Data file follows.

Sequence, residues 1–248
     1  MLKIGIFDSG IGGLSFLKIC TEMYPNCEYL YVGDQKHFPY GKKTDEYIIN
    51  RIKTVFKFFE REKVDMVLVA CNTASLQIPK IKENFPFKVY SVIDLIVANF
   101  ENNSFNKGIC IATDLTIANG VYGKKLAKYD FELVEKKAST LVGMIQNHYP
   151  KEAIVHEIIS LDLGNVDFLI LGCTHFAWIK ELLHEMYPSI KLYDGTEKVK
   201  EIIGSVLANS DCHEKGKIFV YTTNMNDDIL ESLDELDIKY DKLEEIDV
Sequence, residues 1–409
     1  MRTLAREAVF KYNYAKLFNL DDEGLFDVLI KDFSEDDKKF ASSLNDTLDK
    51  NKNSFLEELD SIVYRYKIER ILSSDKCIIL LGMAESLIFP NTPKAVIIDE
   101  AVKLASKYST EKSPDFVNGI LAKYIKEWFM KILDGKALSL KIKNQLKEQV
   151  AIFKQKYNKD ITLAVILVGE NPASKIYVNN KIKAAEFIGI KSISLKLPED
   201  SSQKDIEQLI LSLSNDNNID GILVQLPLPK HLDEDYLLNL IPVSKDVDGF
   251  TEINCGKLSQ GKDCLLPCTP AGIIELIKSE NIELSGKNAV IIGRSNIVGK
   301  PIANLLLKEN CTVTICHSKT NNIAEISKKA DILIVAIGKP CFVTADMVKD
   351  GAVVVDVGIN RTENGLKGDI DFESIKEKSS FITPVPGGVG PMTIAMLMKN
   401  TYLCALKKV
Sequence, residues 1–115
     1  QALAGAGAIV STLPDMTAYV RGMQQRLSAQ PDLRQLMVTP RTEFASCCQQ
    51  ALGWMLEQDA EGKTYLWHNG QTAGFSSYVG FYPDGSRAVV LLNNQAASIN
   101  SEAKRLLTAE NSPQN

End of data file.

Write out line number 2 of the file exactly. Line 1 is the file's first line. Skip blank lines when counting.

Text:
     1  MLKIGIFDSG IGGLSFLKIC TEMYPNCEYL YVGDQKHFPY GKKTDEYIIN